The April 5, 2012 Congressional passage of the Jumpstart our Business Startups Act (the “JOBS Act”) required the SEC to conduct a thorough review of Regulation S-K, which is the foundation of reporting requirements for various SEC filings used by public companies. The main goal of the review was to analyze the current registration requirements of Regulation S-K, and determine if those requirements can be modernized and/or simplified. The primary effect of this was to reduce costs and other burdens associated with emerging growth companies, a new class of issuers whose IPOs were to be completed after December 8, 2011 and whose total annual gross revenues are less than $1 billion. However, the initiative has since expanded to all reporting companies.
Keith Higgins, the Director of the SEC’s Division of Corporation Finance, outlined the Commission’s plan to make its disclosure requirements more effective and the progress to date thereon in a speech to the ABA Business Law Section Spring Meeting in April, 2014. While the initial plan was to examine a perceived notion of “disclosure overload”, Higgins noted that an additional goal was that of “completeness” - to determine if there is information that should be disclosed, but currently is not.
The roadmap of the disclosure project started with the Division’s review of Regulation S-K requirements related to (i) business and financial disclosures that are made within Forms 10-K, 10-Q and 8-K filings, (ii) industry guides and form-specific disclosure, and (iii) scaling of disclosure provided by smaller reporting companies and emerging growth companies.
Specifics of the plan as presented by Higgins include:
- A reduction in repetition – This involves considering whether disclosure needs to be repeated in multiple sections of one disclosure document, and noted that cross-referencing may be more appropriate. A common area of repetition is in the area of critical accounting estimates, which often repeat information from the significant accounting policies within the notes to the financial statements.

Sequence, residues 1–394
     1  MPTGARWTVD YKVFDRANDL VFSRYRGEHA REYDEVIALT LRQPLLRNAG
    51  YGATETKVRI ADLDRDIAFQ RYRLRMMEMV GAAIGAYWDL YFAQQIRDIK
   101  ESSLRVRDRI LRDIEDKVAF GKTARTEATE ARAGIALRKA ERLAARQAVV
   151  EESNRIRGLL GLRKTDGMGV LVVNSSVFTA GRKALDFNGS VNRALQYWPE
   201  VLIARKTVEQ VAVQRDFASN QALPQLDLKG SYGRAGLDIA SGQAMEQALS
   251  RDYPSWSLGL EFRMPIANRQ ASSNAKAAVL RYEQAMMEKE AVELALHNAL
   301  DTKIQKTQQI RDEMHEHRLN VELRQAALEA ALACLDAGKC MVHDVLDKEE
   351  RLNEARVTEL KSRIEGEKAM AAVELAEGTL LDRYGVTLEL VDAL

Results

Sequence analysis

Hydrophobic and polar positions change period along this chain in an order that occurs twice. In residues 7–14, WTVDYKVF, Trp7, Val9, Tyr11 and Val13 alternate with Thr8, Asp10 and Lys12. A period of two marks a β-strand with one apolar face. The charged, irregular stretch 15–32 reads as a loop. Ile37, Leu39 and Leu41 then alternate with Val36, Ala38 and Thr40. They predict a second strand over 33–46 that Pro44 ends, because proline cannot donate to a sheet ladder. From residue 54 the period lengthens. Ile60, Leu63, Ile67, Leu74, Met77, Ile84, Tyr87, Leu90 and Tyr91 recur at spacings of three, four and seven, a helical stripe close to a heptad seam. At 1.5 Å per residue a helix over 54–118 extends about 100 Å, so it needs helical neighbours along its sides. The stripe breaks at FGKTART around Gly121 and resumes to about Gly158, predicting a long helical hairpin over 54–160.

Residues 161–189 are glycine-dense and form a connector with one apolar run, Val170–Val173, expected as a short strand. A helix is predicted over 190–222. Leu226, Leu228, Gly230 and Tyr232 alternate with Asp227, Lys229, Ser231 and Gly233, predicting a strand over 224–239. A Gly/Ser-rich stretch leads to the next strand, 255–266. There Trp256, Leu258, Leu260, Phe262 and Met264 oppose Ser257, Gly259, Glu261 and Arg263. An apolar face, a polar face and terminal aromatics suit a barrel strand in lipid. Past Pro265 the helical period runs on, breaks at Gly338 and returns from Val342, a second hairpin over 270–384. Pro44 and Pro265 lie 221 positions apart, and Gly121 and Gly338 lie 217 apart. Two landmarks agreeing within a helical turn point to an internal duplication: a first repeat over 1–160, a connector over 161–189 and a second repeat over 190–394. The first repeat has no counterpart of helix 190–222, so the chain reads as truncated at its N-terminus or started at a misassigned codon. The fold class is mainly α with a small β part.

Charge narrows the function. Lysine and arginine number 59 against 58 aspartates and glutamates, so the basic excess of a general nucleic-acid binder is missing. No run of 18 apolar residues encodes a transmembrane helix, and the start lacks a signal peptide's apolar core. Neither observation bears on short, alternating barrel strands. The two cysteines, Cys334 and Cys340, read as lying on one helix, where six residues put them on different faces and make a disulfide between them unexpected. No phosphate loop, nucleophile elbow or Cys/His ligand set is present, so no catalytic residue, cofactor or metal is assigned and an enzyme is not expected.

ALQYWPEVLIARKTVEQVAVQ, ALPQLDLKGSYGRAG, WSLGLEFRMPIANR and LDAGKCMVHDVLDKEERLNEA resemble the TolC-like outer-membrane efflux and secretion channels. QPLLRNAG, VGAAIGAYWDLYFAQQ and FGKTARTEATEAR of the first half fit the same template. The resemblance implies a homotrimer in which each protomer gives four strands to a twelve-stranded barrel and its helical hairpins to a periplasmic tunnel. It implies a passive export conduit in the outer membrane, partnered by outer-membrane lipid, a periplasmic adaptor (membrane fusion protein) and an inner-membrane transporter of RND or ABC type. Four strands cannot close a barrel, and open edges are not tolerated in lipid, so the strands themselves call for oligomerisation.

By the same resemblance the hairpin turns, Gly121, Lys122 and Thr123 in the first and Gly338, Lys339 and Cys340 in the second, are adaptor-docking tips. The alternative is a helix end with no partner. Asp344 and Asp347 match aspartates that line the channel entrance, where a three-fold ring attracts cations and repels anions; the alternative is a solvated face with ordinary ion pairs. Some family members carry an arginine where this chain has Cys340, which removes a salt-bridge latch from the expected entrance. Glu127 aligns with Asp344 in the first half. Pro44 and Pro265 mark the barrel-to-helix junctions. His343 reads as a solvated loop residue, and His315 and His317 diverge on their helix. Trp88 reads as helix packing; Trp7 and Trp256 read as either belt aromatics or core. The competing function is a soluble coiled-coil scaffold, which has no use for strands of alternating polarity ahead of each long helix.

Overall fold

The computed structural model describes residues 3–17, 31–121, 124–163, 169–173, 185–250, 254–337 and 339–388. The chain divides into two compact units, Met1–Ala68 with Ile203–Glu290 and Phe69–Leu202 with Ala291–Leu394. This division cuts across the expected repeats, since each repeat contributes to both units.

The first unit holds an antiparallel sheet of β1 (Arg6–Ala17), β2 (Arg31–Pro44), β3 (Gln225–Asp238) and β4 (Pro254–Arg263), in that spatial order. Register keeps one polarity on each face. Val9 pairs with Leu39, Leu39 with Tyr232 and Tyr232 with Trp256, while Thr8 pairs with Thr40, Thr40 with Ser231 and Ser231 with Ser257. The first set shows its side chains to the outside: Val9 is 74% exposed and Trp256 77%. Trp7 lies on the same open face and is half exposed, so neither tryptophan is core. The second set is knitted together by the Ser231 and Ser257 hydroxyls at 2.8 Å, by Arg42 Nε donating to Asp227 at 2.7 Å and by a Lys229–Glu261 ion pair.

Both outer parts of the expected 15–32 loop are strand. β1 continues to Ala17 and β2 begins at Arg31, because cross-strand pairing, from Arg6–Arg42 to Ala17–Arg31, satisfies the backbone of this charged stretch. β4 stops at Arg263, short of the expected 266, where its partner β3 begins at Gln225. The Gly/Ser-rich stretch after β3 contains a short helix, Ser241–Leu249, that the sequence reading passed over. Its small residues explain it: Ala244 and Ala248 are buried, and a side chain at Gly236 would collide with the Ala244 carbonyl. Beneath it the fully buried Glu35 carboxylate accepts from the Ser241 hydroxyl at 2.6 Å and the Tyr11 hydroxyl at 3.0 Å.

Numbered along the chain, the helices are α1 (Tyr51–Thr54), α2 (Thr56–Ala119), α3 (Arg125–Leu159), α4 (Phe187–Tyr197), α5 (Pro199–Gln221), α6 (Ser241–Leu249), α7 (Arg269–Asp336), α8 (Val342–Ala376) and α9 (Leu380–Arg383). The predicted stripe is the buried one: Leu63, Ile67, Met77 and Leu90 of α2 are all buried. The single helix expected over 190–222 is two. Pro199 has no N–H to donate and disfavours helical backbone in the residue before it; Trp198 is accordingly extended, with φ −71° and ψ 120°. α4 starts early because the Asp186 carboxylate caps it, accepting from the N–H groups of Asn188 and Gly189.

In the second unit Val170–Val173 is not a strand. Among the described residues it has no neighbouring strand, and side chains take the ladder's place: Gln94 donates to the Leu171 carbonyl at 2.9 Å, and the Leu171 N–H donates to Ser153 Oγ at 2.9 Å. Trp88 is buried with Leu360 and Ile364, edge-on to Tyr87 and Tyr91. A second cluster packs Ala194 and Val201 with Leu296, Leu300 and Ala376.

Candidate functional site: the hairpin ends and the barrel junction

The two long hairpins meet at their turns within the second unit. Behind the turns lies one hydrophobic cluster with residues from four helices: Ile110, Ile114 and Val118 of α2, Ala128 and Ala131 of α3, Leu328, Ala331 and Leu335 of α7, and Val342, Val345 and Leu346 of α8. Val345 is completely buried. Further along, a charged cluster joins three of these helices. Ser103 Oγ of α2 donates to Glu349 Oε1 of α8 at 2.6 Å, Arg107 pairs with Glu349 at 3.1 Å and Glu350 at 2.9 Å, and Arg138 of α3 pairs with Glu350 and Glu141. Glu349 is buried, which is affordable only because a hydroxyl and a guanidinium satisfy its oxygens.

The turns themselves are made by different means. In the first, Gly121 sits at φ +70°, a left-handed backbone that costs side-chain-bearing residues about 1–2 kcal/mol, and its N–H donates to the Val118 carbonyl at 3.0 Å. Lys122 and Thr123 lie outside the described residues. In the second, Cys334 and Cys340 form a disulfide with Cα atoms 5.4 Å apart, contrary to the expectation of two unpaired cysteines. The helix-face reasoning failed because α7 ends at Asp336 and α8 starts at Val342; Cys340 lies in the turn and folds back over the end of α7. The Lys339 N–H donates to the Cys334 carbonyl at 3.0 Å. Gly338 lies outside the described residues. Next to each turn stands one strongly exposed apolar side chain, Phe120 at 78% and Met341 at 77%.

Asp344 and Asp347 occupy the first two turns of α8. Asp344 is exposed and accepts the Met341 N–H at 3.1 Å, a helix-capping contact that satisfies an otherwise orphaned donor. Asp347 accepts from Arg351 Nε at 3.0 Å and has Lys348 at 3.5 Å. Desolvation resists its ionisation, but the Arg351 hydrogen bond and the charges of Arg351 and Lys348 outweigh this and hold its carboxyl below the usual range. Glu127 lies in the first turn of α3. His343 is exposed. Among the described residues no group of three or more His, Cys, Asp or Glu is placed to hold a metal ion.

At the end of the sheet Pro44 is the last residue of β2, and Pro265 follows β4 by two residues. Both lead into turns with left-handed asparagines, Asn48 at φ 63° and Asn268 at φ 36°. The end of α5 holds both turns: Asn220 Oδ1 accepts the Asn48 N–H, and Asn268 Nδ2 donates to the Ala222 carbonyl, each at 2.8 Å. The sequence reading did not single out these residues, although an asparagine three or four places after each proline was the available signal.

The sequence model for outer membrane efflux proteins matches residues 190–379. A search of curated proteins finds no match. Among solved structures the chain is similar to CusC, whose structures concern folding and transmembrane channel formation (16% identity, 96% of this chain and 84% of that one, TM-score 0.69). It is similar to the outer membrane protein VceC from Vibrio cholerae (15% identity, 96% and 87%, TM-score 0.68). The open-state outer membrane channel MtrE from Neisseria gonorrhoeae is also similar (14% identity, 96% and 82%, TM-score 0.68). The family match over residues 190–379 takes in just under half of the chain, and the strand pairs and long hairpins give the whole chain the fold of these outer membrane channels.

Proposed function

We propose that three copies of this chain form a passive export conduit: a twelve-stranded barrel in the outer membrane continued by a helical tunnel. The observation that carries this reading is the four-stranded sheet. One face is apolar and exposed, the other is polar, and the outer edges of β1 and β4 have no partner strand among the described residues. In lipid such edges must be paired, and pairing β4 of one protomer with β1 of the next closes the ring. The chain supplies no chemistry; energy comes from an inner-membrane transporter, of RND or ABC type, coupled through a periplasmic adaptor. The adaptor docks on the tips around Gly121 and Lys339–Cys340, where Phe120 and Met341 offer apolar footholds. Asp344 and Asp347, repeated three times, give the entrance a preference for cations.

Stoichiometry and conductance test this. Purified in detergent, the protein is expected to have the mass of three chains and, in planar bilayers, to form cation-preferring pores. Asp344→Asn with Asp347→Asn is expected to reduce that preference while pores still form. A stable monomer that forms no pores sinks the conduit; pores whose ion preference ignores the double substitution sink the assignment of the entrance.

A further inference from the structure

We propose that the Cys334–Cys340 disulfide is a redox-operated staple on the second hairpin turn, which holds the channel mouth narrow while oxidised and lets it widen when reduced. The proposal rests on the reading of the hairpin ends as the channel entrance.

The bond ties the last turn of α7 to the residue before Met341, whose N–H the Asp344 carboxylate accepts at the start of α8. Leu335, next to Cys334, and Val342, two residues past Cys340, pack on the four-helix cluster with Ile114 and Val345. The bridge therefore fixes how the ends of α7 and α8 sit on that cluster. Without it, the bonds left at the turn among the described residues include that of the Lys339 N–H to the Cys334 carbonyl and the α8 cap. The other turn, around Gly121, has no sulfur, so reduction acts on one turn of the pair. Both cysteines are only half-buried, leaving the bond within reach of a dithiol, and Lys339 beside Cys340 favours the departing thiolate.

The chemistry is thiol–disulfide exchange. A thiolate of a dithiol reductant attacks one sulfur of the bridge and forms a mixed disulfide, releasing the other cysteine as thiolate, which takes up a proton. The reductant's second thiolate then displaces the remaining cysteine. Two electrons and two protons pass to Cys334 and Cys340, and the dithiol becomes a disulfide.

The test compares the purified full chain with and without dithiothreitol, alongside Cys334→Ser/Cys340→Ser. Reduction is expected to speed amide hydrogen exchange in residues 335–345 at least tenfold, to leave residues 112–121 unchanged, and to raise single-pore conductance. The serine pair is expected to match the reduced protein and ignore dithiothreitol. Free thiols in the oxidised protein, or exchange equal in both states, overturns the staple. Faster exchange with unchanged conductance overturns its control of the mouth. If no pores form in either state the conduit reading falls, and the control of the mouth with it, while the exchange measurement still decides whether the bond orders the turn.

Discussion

- A focus on the company and not on that of similar companies – This suggestion was made as needless disclosure may occur with companies modeling their disclosure after that of a similar company or companies. Instead, companies should focus on what is most meaningful and relevant to their investors. Higgins’ focus here was on the sometimes voluminous risk factor disclosure.
- Elimination of outdated information – Higgins emphasized that disclosure initially included in response to SEC staff comments does not always need to remain in the filing, and that materiality and specific disclosure requirements should still serve as guidance on what to disclose.
- Elimination of discussion on accounts deemed immaterial – Higgins reiterated that it is not expected that registrants provide immaterial disclosures in their filings, or discuss immaterial accounts.
While the above discusses eliminating or reducing certain disclosure, there may be instances where more disclosure in a certain area will be required as part of the project.
The SEC is currently accepting input from stakeholders, which can be submitted using the SEC website’s Disclosure Effectiveness spotlight page, at http://www.sec.gov/spotlight/disclosure-effectiveness.shtml.